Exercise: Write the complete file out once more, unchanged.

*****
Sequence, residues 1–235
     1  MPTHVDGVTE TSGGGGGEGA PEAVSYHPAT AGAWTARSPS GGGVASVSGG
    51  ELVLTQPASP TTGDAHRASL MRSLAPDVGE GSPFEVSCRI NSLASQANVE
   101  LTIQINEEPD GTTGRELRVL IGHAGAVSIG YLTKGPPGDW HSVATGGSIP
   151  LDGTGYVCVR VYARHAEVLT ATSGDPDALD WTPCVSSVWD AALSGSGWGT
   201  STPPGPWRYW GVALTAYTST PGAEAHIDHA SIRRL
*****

Sequence, residues 1–235
     1  MPTHVDGVTE TSGGGGGEGA PEAVSYHPAT AGAWTARSPS GGGVASVSGG
    51  ELVLTQPASP TTGDAHRASL MRSLAPDVGE GSPFEVSCRI NSLASQANVE
   101  LTIQINEEPD GTTGRELRVL IGHAGAVSIG YLTKGPPGDW HSVATGGSIP
   151  LDGTGYVCVR VYARHAEVLT ATSGDPDALD WTPCVSSVWD AALSGSGWGT
   201  STPPGPWRYW GVALTAYTST PGAEAHIDHA SIRRL